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Setting Improvement Targets In The Presence of Limited Data

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Target Setting With Limited Data
In this article, we will look at whether the improvement target set for a project makes sense in the presence of historical variation present in the process and the data and/or the time we usually have to validate the improvements. If you have the luxury of unlimited data/time, you can choose to set any target for your project. However, there are times when we are limited by the amount of data that is available for our project or we are limited by the time available to complete the project. This article is applicable to those cases where we have limited time/data available for our improvement project.

Importance of Targets
We set targets at the beginning of any improvement project to not only provide direction to the team working on the project but also to be able to check at the end of the project whether we were able to accomplish the goals set for the project. A project without a target is like playing a game where we don’t keep score. At the end of the game, we have no idea if we “won” or “lost”. Target or goal setting has to be SMART – Specific, Measurable, Actionable, Relevant, and Time Bound. Setting the target is a delicate balance. If the target is too difficult to achieve based on our current process performance, the team may not be successful, or it may be a de-motivating factor for the team if they are not able to accomplish the targets. Often, these targets are also mentioned on employee performance improvement plans and not achieving the targets could be a disincentive to the employees. If the target set is very easy to accomplish, then the company does itself a disservice by not setting aggressive targets and only achieving mediocre improvements in performance.

How to Set Targets
There are many factors that one needs to consider when a target is being set – inputs from management, requirements by our customers or other stakeholders, to stand apart from our competitors, in order to meet certain stated cost reduction or other targets, or meet the benchmarks set historically by the same process or by other processes either within or outside the company. If you are already the best-in-class compared to others, the target may just be an internal mechanism to continually raise the bar and challenge your workforce to do better. This target or the goal is typically documented on a project charter and the actual improvement achieved at the end of a project is compared to this goal to determine whether the project was a success.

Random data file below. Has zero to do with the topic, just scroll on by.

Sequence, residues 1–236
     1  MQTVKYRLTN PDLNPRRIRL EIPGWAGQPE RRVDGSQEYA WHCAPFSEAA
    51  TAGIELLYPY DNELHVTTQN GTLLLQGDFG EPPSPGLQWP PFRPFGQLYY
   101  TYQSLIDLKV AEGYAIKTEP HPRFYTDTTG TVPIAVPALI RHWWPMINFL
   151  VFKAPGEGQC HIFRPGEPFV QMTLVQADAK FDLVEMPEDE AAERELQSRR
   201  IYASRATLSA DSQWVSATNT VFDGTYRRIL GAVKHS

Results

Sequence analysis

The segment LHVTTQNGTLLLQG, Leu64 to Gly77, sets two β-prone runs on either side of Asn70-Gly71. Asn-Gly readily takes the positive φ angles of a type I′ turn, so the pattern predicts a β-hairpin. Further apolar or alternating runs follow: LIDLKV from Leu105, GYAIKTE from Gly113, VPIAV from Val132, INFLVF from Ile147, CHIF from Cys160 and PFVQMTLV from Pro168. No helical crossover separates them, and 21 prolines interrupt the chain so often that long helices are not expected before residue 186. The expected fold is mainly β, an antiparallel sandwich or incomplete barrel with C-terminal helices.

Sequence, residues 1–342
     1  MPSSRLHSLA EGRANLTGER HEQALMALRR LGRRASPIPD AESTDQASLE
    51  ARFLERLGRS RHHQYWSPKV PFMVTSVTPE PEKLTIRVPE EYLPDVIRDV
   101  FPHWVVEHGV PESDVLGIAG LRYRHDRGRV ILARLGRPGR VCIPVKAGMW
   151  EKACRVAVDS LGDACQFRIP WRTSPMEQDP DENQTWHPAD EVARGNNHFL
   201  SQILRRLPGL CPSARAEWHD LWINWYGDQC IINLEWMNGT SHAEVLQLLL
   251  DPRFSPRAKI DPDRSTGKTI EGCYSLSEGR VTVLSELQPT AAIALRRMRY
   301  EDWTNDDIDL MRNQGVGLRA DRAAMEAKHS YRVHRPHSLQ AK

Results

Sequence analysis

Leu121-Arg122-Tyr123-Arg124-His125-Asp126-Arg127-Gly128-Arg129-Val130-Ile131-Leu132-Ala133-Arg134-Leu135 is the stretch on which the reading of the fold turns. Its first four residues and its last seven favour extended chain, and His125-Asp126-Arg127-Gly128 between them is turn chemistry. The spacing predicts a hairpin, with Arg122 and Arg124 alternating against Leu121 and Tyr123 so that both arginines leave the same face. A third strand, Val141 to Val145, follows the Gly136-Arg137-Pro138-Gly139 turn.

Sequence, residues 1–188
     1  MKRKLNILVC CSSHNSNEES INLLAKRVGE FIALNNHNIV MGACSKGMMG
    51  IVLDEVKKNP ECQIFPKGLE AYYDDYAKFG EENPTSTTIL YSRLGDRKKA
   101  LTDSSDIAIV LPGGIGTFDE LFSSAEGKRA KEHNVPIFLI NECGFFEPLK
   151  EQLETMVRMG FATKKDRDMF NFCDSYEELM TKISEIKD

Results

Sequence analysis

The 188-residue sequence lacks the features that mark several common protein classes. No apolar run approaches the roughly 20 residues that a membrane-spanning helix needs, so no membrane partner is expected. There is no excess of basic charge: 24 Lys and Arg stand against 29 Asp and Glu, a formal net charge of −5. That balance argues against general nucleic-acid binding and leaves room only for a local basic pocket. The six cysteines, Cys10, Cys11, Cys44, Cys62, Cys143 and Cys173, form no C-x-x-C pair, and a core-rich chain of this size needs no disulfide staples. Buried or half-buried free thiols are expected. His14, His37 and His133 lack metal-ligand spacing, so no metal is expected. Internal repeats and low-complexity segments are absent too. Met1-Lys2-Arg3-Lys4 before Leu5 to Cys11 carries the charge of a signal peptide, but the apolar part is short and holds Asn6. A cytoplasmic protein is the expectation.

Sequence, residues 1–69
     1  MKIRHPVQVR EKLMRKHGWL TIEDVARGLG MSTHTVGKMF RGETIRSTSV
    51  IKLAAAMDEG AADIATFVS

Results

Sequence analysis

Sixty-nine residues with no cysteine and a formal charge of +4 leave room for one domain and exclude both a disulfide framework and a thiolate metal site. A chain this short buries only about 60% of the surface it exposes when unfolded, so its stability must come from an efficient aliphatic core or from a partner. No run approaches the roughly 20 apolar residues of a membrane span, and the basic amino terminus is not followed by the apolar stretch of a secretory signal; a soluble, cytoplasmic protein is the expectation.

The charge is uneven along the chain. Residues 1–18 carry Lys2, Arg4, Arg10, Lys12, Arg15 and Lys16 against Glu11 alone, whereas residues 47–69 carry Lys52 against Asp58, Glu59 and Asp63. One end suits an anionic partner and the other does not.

Data Collection for Validation
In order to prove that the team was able to achieve the stated performance, data must be collected at the start of the project to establish the current baseline and at the end of the improvement exercise in order to show that the targets were met. Each process is different and the data that is collected depends on the availability of existing or deployed data collection plans. If no existing data collections exists, then the team may put in temporary or permanent data collection methods to collect the data on the metric(s) of concern. In order to prove that an improvement was made enough data points are required. Having limited data is a problem since the results observed may be due to “chance” occurrence. Hence, sufficient data is required to establish that the goals were met.

How Much Data to Collect
The question is how many data points should one collect to establish an improvement? Too few data points may point a false picture and the improvement may not have been sustainable (calling in the victory too early or the results may be just due to the Hawthorne effect). If we collect too many data points, then it may take a long time after the improvement is made to determine if the required improvements have been achieved.